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June 25, 2013
Windows Phone Developer Blog

Company Hub – Private distribution of Windows Phone apps

This blog post was authored by McLean Schofield, a Senior Content Developer on the Windows Phone team.

– Adam

In Windows Phone 8 a company can bypass the Windows Phone Store and deploy line-of-business (LOB) apps directly to employee phones. One of the key components of this process is a Company Hub. This is an app that shows employees what company apps are available to them, and then they can install or launch the apps. The Company Hub might also provide entry points to other company-specific experiences on the phone, such as displaying current company news, upcoming company events, and alerts from the IT department.

Companies that use Windows Intune or System Center 2012 Configuration Manager to manage phones use the default Windows Phone 8 Company Portal app provided by Microsoft to distribute company apps to their employees. However, companies that do not use one of these device management tools can create their own Company Hub. To demonstrate how developers can implement a Company Hub, the Windows Phone Developer Documentation team at Microsoft recently published a Company Hub sample. This article provides a high-level overview of the sample’s design.

Understanding company app distribution

If you are not yet familiar with the company app distribution model for Windows Phone 8, take a look at Company app distribution for Windows Phone on MSDN. This article provides a walkthrough of the steps required to distribute company apps, including registering a company account on Windows Phone Dev Center, generating and distributing an application enrollment token (AET) to employee phones, and signing company apps.

Note that companies that use Windows Intune or System Center 2012 Configuration Manager to manage phones follow a slightly different process that leverages the default Windows Phone 8 Company Portal app provided by Microsoft rather than building their own Company Hub. For more info about distributing company apps using one of these device management tools, see the following resources:

Company Hub sample design

Fundamentally, a Company Hub is a standard Windows Phone app that uses several APIs introduced in Windows Phone 8 to install and launch other apps that have the same publisher ID as the Company Hub. There are many different ways to design a Company Hub. How a company chooses to implement a Company Hub depends on what experience it wants to provide to its employees and how the company chooses to host its XAPs.

The Company Hub sample demonstrates one possible implementation. The following steps describe the design and flow of the sample. Most of the tasks described here are implemented in the MainPage.xaml.cs code file.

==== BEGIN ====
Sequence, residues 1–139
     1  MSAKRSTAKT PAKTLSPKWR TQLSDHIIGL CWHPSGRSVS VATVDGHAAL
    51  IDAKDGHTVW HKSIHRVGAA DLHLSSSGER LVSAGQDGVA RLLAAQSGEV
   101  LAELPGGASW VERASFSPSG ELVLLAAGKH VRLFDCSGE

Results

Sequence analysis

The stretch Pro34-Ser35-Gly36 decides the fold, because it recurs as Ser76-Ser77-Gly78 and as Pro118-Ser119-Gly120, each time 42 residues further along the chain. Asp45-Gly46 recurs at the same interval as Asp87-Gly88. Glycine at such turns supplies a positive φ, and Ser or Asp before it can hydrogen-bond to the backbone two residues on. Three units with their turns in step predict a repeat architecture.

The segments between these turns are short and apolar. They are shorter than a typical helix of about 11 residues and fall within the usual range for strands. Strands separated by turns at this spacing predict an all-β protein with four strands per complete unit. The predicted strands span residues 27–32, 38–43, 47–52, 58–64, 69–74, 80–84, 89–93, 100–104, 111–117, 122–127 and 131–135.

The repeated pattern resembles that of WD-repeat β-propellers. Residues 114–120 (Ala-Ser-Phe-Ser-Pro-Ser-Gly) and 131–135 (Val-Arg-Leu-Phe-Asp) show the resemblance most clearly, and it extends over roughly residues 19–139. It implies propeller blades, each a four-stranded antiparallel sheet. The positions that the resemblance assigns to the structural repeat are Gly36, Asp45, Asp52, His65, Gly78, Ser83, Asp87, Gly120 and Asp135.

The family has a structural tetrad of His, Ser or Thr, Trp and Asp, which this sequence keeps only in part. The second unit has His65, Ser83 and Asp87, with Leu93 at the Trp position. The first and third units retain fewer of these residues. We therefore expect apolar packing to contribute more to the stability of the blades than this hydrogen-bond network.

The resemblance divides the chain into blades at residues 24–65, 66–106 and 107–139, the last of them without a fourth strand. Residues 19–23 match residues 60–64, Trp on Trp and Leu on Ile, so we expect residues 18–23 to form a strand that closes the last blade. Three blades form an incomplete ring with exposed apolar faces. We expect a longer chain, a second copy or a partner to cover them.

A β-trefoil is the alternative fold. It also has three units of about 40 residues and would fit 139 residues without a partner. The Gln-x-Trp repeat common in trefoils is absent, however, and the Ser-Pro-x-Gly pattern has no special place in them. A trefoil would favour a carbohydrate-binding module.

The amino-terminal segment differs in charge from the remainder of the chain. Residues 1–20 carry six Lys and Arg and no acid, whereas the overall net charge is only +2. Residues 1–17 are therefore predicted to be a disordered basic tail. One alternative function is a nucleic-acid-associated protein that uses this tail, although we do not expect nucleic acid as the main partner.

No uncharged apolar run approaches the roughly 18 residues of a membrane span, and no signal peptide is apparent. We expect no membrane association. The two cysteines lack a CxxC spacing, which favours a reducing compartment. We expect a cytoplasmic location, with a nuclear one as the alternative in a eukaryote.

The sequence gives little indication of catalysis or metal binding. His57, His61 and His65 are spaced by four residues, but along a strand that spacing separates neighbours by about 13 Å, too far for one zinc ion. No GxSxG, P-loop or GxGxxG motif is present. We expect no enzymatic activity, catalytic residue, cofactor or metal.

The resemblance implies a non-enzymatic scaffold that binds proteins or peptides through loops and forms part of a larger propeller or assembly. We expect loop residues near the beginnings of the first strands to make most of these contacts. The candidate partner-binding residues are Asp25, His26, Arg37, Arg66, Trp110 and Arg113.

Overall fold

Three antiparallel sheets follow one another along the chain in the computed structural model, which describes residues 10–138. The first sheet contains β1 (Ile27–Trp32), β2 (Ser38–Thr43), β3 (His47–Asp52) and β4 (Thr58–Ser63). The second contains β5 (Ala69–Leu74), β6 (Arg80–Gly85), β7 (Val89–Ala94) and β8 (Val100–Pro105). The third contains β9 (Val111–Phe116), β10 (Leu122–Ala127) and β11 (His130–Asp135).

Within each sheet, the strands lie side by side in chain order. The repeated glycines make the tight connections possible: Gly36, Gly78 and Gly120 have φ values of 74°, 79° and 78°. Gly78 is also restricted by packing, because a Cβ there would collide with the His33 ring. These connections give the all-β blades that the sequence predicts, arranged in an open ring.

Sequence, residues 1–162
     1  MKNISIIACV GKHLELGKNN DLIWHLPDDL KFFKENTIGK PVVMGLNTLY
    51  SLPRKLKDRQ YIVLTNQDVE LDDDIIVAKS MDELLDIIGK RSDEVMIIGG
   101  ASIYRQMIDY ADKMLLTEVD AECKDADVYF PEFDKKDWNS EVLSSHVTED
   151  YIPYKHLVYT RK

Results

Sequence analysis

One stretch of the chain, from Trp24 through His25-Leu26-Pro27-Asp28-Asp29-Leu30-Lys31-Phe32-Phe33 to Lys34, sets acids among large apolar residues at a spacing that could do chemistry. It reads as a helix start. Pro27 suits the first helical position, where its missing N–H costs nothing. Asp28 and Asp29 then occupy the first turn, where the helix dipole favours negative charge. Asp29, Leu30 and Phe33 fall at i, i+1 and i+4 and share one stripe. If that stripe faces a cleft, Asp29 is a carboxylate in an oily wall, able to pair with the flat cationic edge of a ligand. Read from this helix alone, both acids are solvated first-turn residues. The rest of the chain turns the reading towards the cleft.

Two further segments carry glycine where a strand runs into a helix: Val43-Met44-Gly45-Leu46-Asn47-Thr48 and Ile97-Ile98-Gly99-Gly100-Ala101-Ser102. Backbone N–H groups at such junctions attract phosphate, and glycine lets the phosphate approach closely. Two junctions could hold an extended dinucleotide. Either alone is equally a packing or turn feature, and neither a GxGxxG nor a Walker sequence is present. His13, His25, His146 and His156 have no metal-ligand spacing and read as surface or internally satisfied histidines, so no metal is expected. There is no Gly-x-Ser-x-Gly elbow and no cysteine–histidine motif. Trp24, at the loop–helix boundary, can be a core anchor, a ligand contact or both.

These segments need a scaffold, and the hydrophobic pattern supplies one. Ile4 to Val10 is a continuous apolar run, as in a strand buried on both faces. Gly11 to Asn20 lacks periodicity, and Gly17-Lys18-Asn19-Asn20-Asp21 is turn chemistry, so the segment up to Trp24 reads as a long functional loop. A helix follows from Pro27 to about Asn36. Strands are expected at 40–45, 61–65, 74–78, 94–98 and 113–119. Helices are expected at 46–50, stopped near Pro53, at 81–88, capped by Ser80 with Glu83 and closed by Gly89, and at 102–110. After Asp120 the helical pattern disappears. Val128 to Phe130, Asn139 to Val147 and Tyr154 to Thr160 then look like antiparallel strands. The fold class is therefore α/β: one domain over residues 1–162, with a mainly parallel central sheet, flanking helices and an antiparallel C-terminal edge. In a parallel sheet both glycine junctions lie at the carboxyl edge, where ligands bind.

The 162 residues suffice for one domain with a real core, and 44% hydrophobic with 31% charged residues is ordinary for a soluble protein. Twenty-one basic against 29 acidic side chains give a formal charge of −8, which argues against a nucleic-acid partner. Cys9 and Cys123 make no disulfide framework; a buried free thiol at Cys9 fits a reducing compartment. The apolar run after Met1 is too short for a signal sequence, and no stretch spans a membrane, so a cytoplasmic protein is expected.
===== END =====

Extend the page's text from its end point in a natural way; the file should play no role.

1. The company app XAPs and icons are stored in a Windows Azure storage blob along with an XML file that contains a catalog of metadata for the apps (including the URL for each XAP, the URL for each app icon, and the name, description, and version number for each app). The XML file has the following structure.


    <?xml version="1.0"?>
      <App Name="CompanyApp1"
           XapUrl="" Version=""
           ProductId="{f42567e5-14d8-4bfc-ad05-9dc2150c7614}" Description="This is CompanyApp1" />
      <!-- Additional App elements for each company app.-->
  2. When the Company Hub starts, it downloads the XML file from the Windows Azure storage blob and parses the XML to populate a ViewModel (in the Model-View-ViewModel design pattern) that represents the available company apps. To review the ViewModel implementation, see ..ViewModelsCompanyAppViewModel.cs in the sample).
  3. The Company Hub uses the InstallationManager.FindPackagesForCurrentPublisher method to determine which company apps are already installed on the phone, and it updates the ViewModel to specify whether each app is already installed or not. The InstallationManager.FindPackagesForCurrentPublisher method finds all installed app packages that have the same publisher ID as the Company Hub.
  4. The Company Hub binds the company app metadata to a LongListSelector. The user can scroll through this list to review the list of available company apps.
  5. When the user taps an app, the Company Hub does one of the following:
    • If the app is not installed yet, the Company Hub uses the InstallationManager.AddPackageAsync method to start the app installation process. In the IAsyncOperationWithProgress object returned by this function, the Company Hub also assigns Progress and Completed callback methods. These methods are called asynchronously during the app installation process to display a progress bar during the app installation.
    • If the app is already installed, the Company Hub uses the Package.Launch(String) method to launch the app.

Again, this sample demonstrates just one way to implement a Company Hub. For more design guidance and information about the APIs provided by Windows Phone 8 for creating Company Hubs, see Developing a Company Hub app on MSDN.